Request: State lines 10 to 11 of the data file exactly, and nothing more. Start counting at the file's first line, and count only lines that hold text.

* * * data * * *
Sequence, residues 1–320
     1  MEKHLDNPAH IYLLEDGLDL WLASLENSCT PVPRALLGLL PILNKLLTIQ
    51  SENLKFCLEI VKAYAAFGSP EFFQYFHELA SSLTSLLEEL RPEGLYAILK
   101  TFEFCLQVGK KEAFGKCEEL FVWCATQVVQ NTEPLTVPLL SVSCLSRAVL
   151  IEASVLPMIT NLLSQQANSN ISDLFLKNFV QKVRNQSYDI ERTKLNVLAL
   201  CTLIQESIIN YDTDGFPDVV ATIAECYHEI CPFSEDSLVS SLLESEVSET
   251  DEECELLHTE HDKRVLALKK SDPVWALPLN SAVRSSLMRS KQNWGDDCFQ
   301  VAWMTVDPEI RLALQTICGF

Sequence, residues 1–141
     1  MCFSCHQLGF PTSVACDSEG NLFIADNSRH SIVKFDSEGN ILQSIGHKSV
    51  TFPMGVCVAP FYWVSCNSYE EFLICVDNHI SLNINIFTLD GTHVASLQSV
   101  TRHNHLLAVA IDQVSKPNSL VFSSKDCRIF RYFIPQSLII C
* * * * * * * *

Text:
     1  MCFSCHQLGF PTSVACDSEG NLFIADNSRH SIVKFDSEGN ILQSIGHKSV
    51  TFPMGVCVAP FYWVSCNSYE EFLICVDNHI SLNINIFTLD GTHVASLQSV